Tag Archives: Corporate Culture

Empathy: Corporate Performance Enhancer?

If you’ve heard me speak on “Humanity Means Business,” you know I pay a lot of attention to the intersection of corporate culture, business performance, and people. And I mention several organizations that measure and/or rank employers on scales of relevant cultural attributes. It is sometimes surprising to audiences that top ranked (on a number of lists) employers are also top financial performers. So lists like FORTUNE’s 100 Best Companies to Work For, and WorldBlu’s annual list of certified employers, along with BCorp certified companies and devotees of the Conscious Capitalism movement – all provide road maps for leaders to enhance corporate performance through creating strong, human (of varying sorts) relationships with their people. And it’s always interesting to me that many organizations show up on more than one list.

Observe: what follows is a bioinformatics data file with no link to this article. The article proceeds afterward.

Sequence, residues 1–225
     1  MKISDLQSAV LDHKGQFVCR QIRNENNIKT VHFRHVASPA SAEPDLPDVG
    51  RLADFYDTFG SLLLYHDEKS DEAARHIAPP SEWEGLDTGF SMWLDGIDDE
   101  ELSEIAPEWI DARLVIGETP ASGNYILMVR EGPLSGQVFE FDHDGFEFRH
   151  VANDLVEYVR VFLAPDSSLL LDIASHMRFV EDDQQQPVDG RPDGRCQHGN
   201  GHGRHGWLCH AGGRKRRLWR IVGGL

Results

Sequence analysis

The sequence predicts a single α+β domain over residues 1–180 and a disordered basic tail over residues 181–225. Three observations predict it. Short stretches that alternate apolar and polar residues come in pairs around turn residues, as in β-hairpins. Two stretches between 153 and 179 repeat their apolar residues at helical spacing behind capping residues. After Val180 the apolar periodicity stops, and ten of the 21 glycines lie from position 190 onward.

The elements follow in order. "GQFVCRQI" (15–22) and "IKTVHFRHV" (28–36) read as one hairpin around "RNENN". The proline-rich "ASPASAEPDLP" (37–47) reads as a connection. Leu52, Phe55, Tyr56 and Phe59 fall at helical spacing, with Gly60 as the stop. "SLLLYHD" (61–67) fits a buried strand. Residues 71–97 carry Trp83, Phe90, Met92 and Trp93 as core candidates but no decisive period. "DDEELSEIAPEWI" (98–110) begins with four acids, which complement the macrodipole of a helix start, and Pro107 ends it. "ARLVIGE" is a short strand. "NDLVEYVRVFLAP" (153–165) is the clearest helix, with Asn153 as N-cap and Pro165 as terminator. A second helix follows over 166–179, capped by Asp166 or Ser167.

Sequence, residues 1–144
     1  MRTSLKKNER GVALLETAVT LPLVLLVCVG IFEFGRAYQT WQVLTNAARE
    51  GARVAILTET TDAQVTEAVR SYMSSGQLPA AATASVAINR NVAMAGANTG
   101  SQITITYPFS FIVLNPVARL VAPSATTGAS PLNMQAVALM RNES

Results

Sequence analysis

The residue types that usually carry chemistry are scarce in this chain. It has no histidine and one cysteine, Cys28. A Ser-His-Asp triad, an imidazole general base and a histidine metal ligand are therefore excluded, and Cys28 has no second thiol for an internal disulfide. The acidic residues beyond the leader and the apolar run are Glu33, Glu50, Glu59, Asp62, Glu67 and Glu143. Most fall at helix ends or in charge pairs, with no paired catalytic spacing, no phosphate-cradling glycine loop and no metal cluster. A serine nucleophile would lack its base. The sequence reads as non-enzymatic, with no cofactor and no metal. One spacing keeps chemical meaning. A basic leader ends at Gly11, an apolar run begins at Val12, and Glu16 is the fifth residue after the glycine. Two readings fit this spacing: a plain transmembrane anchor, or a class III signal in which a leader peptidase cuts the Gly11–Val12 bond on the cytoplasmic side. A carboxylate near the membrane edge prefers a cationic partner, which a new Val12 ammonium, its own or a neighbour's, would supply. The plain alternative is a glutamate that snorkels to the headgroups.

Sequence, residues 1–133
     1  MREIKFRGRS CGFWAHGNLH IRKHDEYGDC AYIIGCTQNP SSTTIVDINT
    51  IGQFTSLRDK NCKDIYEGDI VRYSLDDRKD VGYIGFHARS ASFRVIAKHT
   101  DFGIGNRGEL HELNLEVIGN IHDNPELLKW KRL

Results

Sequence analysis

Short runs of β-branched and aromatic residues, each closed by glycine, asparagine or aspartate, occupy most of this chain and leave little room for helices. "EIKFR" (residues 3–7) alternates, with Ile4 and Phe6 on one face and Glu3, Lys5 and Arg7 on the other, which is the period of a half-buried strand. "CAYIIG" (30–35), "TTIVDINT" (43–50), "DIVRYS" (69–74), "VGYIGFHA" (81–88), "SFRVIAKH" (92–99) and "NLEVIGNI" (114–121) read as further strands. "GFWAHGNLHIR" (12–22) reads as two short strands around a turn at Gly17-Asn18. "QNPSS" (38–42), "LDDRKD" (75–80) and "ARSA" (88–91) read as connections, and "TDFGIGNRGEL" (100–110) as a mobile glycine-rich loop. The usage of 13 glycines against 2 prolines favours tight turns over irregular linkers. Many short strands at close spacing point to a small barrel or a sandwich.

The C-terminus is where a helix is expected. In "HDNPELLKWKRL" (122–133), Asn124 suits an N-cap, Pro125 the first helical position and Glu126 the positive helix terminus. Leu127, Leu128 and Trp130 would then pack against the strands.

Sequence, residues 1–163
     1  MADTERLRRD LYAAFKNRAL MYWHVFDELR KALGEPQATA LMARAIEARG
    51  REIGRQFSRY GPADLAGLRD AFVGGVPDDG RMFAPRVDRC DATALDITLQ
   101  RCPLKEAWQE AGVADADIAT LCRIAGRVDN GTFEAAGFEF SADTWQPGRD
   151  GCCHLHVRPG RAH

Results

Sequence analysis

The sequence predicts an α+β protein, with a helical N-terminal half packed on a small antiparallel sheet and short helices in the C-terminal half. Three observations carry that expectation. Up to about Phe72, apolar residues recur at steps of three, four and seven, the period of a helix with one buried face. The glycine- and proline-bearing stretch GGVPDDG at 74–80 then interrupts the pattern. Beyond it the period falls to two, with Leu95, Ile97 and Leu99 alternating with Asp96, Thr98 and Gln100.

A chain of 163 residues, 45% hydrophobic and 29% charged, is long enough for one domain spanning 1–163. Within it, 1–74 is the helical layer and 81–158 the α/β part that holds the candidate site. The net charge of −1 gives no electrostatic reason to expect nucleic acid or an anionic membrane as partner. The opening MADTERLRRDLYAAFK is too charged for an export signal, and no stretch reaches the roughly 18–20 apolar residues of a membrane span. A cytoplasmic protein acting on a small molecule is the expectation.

Through  my Facebook feed, I found a different list posted on Harvard Business Review Online on December 1, 2016:  The 20 Most Empathetic Companies, 2016. This “corporate fitbit for empathy” is about “understanding our emotional impact on others and making change as a result” and its authors believe that empathy “is more important to a successful business than it has ever been, correlating to growth, productivity, and earnings per employee.” While the authors don’t share those correlations, they do share the 2016 list. And the listed companies do not surprise; they show up on other lists.

“The Empathy Index seeks to answer the question: Which companies are successfully creating empathetic cultures? These are the companies that retain the best people, create environments where diverse teams thrive, and ultimately reap the greatest financial rewards.”